Pop music. I’ve been thinking a lot about pop music lately. It’s not that I’ve got too much time on my hands. It’s just that with all these records to listen to I’ve got to start making classifications, lists, and manufactured means of separating one sound from another. The term “pop” originally was a shortened reference to popular, but it’s come to embrace and define a lot more than that. By record sales alone Metallica is surely considered popular but would anyone hazard the ass kicking they’d get by referring to them as a pop band? Hells naw. In my mind at least, the term “pop” when used as a musical descriptor encompasses everything from Britney Spears to Death Cab For Cutie to The Decemberists. It means songwriting with a particularly acute eye for melody, simple straightforward structure and hook. It’s repetitive (a chorus gets repeated) and the beat is syncopated and easy to follow. But the keys for really good pop music is that it gets stuck in your head or makes you shake your ass. Irving’s Death in the Garden Blood on the Flowers isn’t ass shaking music, but you’ll have a summer worth of choruses stuck in your head by the time you’re done listening.
Now without boring you with my highly detailed theories of pop music stratification (and they get quite detailed when the bus is stuck in traffic because a man with no pants on has decided to lay down in the middle of the street), let me just say that Lost Angeles band Irving fits happily into what I call Summer Couch & Car Pop Rock. This is pop music easily digested while seated in your favorite spot on the couch watching MTV hits with the sound down. Songs in this genre are easily converted into ring tones and sound great coming out of car windows between May and August. The best examples of this sound range from the Cars “My Best Friends Girl” to Fastball’s “The Way” and The New Radicals’ “You Get What You Give”. All in all not bad company to keep as far as catchy little earwigs go.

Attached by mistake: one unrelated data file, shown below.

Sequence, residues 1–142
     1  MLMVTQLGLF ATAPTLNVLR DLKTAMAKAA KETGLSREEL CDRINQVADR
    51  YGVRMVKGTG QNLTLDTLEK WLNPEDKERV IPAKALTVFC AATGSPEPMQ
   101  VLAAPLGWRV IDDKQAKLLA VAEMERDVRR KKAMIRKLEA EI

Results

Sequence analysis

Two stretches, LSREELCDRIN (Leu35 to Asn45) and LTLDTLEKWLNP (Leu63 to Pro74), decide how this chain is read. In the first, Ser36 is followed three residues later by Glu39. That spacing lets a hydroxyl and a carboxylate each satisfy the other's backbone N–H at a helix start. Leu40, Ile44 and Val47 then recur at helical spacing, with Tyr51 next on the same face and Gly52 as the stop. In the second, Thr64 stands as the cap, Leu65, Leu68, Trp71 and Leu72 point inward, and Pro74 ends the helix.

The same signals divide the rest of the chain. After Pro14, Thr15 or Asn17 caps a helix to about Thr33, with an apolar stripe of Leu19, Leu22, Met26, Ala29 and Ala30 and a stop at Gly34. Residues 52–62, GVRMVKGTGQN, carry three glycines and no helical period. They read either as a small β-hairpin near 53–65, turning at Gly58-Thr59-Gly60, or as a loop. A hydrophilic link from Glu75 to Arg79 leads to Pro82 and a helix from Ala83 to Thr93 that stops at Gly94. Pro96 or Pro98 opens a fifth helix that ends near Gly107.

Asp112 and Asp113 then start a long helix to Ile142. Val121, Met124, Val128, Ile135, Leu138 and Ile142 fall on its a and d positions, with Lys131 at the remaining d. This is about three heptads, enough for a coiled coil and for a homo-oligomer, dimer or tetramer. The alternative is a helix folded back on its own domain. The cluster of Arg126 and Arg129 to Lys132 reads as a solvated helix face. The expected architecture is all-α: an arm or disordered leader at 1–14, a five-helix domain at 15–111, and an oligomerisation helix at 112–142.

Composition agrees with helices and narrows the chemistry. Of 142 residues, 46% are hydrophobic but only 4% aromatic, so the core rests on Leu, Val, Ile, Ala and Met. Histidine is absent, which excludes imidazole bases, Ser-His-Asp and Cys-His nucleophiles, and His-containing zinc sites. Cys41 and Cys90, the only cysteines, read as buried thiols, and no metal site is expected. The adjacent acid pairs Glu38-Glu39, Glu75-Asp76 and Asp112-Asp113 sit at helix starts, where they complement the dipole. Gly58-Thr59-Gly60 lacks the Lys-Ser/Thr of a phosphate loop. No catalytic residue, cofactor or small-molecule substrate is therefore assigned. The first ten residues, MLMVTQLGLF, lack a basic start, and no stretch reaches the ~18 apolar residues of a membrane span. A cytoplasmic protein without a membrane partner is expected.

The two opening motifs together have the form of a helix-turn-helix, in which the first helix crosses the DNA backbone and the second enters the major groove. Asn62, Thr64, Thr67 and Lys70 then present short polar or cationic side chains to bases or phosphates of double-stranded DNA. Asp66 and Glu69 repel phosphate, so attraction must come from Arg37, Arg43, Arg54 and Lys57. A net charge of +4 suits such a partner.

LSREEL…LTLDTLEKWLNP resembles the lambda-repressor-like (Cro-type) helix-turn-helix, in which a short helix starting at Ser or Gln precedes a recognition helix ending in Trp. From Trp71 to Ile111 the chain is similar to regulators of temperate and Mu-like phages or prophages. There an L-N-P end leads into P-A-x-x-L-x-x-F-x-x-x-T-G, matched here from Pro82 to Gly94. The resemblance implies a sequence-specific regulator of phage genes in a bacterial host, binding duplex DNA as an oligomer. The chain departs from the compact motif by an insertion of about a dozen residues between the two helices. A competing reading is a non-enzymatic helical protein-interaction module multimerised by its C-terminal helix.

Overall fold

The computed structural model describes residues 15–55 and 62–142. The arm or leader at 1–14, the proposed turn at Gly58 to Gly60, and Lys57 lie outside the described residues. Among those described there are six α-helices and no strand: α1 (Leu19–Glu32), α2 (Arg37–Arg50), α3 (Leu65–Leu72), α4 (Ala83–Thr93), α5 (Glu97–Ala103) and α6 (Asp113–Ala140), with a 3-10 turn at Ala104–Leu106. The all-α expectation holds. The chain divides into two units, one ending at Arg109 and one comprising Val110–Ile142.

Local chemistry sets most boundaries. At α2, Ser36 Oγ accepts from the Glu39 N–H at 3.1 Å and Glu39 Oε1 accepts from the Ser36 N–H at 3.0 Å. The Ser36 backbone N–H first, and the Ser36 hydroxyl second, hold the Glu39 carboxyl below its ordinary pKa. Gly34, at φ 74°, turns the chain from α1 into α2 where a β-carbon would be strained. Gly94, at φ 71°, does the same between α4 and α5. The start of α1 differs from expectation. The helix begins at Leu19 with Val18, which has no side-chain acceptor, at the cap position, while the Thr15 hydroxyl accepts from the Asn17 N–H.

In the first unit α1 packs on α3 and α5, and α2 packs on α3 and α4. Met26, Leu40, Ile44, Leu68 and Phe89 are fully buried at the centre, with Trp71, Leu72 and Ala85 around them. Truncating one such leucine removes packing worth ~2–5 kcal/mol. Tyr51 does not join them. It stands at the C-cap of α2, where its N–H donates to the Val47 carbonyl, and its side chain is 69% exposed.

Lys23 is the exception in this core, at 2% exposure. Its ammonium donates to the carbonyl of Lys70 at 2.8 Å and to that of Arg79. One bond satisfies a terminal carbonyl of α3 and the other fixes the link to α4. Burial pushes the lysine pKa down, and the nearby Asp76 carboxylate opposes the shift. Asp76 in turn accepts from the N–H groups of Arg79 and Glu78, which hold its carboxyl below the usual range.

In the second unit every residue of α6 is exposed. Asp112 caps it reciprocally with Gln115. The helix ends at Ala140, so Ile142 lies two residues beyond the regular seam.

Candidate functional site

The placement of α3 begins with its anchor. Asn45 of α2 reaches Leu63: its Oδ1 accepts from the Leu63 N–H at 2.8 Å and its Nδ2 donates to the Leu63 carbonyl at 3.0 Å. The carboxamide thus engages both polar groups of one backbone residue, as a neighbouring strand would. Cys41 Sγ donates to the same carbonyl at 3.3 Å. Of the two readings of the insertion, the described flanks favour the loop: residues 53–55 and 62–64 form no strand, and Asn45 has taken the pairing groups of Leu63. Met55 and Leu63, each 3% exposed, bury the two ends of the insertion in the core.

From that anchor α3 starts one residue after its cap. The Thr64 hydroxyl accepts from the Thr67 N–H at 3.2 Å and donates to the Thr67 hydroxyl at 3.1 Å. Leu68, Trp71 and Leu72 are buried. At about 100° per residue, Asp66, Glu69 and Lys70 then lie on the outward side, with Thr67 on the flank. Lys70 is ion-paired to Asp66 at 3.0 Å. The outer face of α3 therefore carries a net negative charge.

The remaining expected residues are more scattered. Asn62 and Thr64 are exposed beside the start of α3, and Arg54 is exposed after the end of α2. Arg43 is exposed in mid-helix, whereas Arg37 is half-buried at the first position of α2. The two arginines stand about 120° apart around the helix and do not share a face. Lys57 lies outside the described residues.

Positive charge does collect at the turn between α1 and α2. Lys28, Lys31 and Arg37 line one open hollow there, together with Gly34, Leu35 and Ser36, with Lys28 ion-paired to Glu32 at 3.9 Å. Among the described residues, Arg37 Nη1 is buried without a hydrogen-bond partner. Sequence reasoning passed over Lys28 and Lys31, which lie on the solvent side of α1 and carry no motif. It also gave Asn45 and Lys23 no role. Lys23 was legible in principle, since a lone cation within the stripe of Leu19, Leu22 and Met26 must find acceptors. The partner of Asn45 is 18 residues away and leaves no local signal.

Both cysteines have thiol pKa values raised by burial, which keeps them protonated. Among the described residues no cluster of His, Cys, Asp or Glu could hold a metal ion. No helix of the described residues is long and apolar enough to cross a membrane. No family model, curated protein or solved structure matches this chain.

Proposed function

Death in the Garden Blood on the Flowers
US: 4 Apr 2006
UK: 3 Apr 2006
Irving has certainly done their homework. The Cars comparison may be the most apt in trying to illustrate the band’s sound. “Jen, Nothing Matters to Me” is three and a half minutes of poppy goodness. A trilling synth line and a thickly echoed guitar chord that would make Ric Ocasek proud holds the song together. “I’ll Write the Song, You Sing for Me” is also anchored by keyboard hum and Irving’s ability to add a touch of density through sweet harmonies.
Irving is at their best when they stick to their simple guitar and keyboard formula. A tune like “Hard to Breathe” is as fine a pop song as you’re likely to hear this summer. Complete with handclap beats, synthesizer and a memorable guitar lick, it’s three minutes of summer perfection. The album’s title track is a loose, fun rave up that sounds like it has a kazoo solo at the beginning. “Situation” has the same beat and riff as The Stone Roses’ “I Am the Resurrection” but without the smug self-importance that Ian Brown seems to bring to everything he touches.
Death in the Garden Blood on the Flowers is summer fare of the highest order in the sense that even if you love this record you won’t be listening to it in October when the days are short and chill. The music’s fun while it lasts but it dissolves quickly. There are certainly worse things you could be doing with your listening time.
// Notes from the Road
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